• China Student Bites Mouse in Revenge, Shocks social media: An 18-year-old Chinese university student gained attention on mainland social media after seeking revenge on a mouse that bit her in her dormitory. The incident occurred in Jiangsu province on December 21, where the student successfully caught the mouse but decided to retaliate by biting its head. The risky move left tooth marks on the mouse's head, and medical records revealed injuries to the student's lips from the act. The mouse later died from suffocation due to the tight grip exerted by the student. Social media reactions varied from shock to amusement, with some jokingly declaring her the "biggest daredevil of 2023." However, the student's roommate cautioned against copying the action due to the risk of disease transmission. Despite online humour, the incident raised concerns about the potential health risks associated with such behaviour.



  • Chinese President Xi Jinping, in his New Year's Eve speech, reiterated China's determination for the reunification with Taiwan, stressing on Taiwan's connection as part of the "same family". India needs to be cautious about increasing bilateral relations between Taiwan and China. India, similar to many other countries, lacks formal diplomatic relations with Taiwan. However, the relationship between the two Asian democracies has markedly improved since the mid-1990s when they initiated informal ties. India has been strengthening its political and economic ties with Taiwan. Bilateral trade was valued at over $7 billion last year, and Taiwanese firms have invested more than $2.3 billion in India. The two countries are even discussing a potential free trade deal and exploring the creation of a semiconductor manufacturing hub in India. However, China's military drills around Taiwan pose a threat to this economic cooperation. If Beijing chooses to pressure Taiwan economically, it could jeopardise India's long-term economic plans and partnership with Taiwan. India finds itself in a delicate position amid the tensions in the Taiwan Strait, balancing its diplomatic ties with both China and Taiwan. The Taiwan Strait is a crucial geopolitical hotspot with potential implications for the Indo-Pacific region, impacting the balance of power. India is susceptible to the impact of Beijing's campaigns to reunite Taiwan with mainland China.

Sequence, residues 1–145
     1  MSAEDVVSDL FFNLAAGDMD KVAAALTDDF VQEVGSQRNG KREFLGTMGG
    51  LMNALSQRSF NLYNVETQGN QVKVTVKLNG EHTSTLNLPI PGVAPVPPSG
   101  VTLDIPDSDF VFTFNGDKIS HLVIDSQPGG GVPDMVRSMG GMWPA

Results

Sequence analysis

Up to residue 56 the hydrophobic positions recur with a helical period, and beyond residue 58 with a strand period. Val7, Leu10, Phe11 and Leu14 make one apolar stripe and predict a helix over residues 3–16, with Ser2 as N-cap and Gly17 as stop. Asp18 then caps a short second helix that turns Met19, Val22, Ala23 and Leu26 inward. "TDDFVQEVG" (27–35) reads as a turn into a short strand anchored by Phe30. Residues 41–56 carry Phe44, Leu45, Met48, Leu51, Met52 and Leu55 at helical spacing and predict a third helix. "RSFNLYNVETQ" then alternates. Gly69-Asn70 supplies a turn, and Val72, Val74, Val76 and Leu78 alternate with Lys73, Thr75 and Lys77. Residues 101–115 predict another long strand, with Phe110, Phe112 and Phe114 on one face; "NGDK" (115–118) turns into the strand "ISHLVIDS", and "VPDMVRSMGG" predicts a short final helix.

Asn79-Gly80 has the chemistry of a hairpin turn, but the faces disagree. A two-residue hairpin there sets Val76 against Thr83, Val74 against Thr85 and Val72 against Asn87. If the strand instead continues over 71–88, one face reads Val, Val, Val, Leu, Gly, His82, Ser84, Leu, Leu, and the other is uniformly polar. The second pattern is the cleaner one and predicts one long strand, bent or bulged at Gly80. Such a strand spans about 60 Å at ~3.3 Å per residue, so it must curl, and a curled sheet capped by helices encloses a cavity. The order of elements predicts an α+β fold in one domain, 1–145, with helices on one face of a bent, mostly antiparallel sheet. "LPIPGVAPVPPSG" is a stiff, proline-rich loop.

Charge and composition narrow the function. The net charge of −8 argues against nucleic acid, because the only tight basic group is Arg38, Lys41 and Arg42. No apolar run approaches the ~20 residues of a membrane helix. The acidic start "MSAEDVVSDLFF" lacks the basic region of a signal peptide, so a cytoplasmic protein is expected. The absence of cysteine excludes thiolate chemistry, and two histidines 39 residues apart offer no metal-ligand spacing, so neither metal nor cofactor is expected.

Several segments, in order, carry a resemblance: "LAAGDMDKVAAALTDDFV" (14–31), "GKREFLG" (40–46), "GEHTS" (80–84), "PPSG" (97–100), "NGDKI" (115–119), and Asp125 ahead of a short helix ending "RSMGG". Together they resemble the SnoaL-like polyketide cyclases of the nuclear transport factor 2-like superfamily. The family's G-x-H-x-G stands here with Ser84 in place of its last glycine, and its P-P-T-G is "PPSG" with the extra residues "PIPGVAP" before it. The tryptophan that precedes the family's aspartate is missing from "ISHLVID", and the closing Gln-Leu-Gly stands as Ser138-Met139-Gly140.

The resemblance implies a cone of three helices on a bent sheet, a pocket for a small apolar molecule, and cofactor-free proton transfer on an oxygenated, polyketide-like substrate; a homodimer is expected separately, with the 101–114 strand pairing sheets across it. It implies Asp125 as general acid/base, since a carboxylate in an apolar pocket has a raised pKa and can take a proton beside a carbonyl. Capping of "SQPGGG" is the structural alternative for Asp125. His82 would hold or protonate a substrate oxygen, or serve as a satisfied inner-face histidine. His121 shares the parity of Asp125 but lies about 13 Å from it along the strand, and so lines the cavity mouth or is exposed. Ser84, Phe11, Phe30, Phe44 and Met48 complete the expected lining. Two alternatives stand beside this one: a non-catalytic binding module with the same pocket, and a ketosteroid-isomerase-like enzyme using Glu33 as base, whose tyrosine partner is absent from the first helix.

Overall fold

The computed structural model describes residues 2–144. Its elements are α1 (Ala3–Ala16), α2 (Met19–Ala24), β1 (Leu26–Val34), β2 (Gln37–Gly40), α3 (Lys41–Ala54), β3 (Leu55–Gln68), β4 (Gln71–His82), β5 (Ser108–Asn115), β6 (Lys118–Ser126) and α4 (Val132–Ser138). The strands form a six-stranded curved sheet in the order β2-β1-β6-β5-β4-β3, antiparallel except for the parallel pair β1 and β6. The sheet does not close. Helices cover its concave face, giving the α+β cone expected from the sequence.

Prepared By

Sejal Dalvi is a Political Science graduate from the University of Mumbai and now pursuing a Master’s in Public Policy from St.Xavier’s College. Her research interests include International relations, Environment and sustainability and Urban governance. Her research papers have previously been published on NITI TANTRA. Her experiences, coupled with a genuine passion for research and addressing societal challenges, have solidified her commitment to policymaking.

CiCM 1st January 2024

Subscribe now to our newsletter !

Get a daily dose of local and national news from China, top trends in Chinese social media and what it means for India and the region at large.

Please enter your name.
Looks good.
Please enter a valid email address.
Looks good.
Please accept the terms to continue.